In a sense, the pressure is really off for me when it comes to blogging Fate/Zero. I have no emotional attachment to any of the surviving characters, so I’m free to enjoy the last two episodes on a purely intellectual level – which is probably the best way to watch an Urobuchi anime in the final analysis – and see how he tries to tie all these myriad threads together. The second season has been a gradual emotional tune-out for me anyway, and in a sense the series ended last week. But the main dish here is the philosophical dilemma that’s at the heart of every Urobuchi work.
But I also think this is kind of a minefield for me, given the heated passions of many viewers when it comes to Kiritsugu and his own philosophy. There’s not a lot to be gained in getting too deeply into that, because Urobuchi has pretty much settled the question beyond any reasonable doubt. It isn’t so much that Kiritsugu’s philosophy is fatally flawed and has been from the beginning – though it certainly is, merely stating that in itself would be far too sunny a view for Urobuchi. Rather, I think he’s saying “Sure, Kiritsugu has been following the garden path from the beginning – but as wrong as he is, I’m not going to offer another idea as a substitute – because there is no answer. Life is suffering, and in the end what we do doesn’t really matter. Kanpai!”
It certainly can’t come as a surprise to even someone who never managed to finish F/SN and hasn’t read F/Z that the Holy Grail would turn out to be a poisoned chalice. After all – the world is hardly free of conflict and pain now, is it? With Urobuchi it isn’t so much a matter of an ending filled with misery, but the shape it takes and how it arrives. The final battle (seemingly) between Kirei and Kiritsugu was certainly impressive, a chance for ufotable to once again show their mastery of CGI, and it seems to me that Kirei would certainly have won if it hadn’t been for Avalon (which I’m assuming he didn’t know Kiritsugu had). As misguided as Kiritsugu’s ideals are, though, it can’t be denied that they drove him forward with impressive tenacity. As a battle of mages Kirei probably came out on top, and Avalon ultimately was the instrument of Kiritsugu’s “triumph” – but it could reasonably be argued that it was the fact that he possessed a dream to pursue while Kirei possessed only doubt and emptiness that carried the day for Kiritsugu.
The scene inside the grail is the sort that Urobuchi excels in writing. It was a great intellectual discourse on the nature of conseuqentialism and a complete disassembly of Kiritsugu’s psyche. If there’s anything Gen-san loves it’s esoteric ideas and torturing characters, and he was like a kid in a candy shop here. The intellectual arguments are elegant in their simplicity, and categorically show Kiritsugu how wrong he’s been and where his line of thinking ends. The “501 survivors in a lifeboat” riddle is a nice variation on the classic philosophical condundrum, but the pièce de résistance was showing the grim reality of all this to Kiritsugu – forcing him to systematically choose to kill everyone he’s ever loved, building up to Iris and Ilya, who he must murder with his own hands, and to be cursed by the Grail to suffer at every moment until he dies.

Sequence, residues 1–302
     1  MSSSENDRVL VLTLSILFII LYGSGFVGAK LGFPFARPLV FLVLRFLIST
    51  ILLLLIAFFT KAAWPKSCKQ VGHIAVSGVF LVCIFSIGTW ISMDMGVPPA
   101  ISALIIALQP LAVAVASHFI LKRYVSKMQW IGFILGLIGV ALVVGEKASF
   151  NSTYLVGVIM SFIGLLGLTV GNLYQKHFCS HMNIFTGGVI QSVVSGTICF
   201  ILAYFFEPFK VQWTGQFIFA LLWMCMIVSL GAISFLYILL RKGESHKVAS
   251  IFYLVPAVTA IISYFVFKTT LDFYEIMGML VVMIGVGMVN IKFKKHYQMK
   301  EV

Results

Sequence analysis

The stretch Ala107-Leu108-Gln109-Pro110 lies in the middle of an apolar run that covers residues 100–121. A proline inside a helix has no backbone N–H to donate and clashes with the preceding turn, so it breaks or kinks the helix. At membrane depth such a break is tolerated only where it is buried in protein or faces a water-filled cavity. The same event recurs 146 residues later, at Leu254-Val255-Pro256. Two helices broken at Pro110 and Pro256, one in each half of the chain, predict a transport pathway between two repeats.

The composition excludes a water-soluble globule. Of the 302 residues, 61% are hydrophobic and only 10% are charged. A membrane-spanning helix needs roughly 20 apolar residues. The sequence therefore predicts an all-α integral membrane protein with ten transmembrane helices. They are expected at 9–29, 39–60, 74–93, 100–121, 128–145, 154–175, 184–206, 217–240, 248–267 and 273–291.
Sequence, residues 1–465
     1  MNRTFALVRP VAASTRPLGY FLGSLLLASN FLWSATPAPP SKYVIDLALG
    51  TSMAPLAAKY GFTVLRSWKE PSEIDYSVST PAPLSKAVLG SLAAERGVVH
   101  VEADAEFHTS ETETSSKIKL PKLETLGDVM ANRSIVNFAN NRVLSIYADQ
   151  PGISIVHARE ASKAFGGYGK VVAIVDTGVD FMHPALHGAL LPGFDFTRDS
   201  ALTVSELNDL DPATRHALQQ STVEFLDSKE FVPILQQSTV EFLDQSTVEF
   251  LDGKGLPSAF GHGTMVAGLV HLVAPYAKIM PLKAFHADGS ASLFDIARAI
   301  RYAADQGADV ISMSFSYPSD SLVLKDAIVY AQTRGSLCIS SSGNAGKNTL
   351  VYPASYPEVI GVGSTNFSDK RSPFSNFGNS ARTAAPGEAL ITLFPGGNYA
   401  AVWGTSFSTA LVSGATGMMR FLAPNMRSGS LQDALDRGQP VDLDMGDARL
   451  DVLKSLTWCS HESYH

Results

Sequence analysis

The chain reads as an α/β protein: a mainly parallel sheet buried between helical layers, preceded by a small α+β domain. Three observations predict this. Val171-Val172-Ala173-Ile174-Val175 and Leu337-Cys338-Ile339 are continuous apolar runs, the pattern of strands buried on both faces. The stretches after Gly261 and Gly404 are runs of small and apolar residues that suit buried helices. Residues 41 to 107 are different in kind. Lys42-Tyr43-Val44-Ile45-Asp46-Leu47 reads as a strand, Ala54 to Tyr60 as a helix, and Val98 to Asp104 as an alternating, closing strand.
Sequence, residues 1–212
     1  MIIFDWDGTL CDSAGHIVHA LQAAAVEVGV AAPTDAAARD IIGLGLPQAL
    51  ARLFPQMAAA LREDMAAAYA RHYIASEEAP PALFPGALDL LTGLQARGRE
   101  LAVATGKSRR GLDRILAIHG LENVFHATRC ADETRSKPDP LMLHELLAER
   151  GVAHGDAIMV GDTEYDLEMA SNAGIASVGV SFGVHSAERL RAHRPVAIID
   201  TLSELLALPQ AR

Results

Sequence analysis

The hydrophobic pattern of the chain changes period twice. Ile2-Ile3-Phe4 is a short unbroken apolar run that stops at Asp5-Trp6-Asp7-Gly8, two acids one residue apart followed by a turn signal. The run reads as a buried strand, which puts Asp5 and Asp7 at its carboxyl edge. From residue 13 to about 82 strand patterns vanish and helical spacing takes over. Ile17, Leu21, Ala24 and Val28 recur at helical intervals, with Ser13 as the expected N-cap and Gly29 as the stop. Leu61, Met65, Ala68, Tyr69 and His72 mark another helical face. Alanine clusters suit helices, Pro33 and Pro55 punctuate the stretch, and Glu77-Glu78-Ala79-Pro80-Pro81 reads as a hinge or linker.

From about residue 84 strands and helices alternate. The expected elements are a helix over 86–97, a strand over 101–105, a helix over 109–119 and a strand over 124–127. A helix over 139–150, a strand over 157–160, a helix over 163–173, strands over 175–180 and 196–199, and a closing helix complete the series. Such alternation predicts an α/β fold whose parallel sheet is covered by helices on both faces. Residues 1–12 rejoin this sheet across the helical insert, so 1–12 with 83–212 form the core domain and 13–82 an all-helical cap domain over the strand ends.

Of course there’s nothing but tragedy in all this – Kiritsugu has been putting himself through this misery, pretending to be emotionless to shut himself off from the horrors he commits, effectively for nothing. No, there’s no better answer forthcoming from the Grail – or anywhere else – but that doesn’t negate the sins Kiritsugu committed chasing his mirage or the suffering he endured doing so. Ultimately his decision to destroy the Grail was probably the least misguided one he made in the series, though I’m not convinced it’s going to accomplish what he thinks it will.
In order to to do that of course he uses his command seal to order Saber to do so, which is certainly the only way she would have cooperated. Of Saber’s battle with Lancelot I confess I didn’t feel a whole lot. It wasn’t especially stunning visually, and we’ve been given so little background into Lancelot and his past with Saber that the whole encounter had a curiously detached feel. Saber as a character has been something of an anti-climax this season – her apex probably came during the epic “Conference of Kings” in S1, where her worldview was really highlighted and put on trial. This season she’s been largely an accessory, rarely at either the emotional or intellectual center of the series. Gilgamesh’s marriage “proposal” was highly entertaining in that it perfectly suited his arrogant nature, but it sort of come out of left field.
Overall the pacing of the ep felt a bit rushed (I think Saber and Lancelot’s arc should have gotten its own episode, probably) and there are a couple of things that are puzzling or awkward as an anime-only F/Z viewer. How Kirei manages to survive the events of this episode is a question I suppose will be answered next week, and I don’t recall getting much (any?) background on Angra Mainyu before now – I had to look the term up in fact (needless to say, the Grail wasn’t paying Kiritsugu a compliment with that comparison). But on balance we got a payoff that was solidly entertaining and about what I expected – the two Masters I expected to fight fought, the one I expected to win won, and the whole thing pretty much blew up in his face. It was all done in grand ufotable fashion, and a celebration of despair as only Urobuchi Gen can deliver.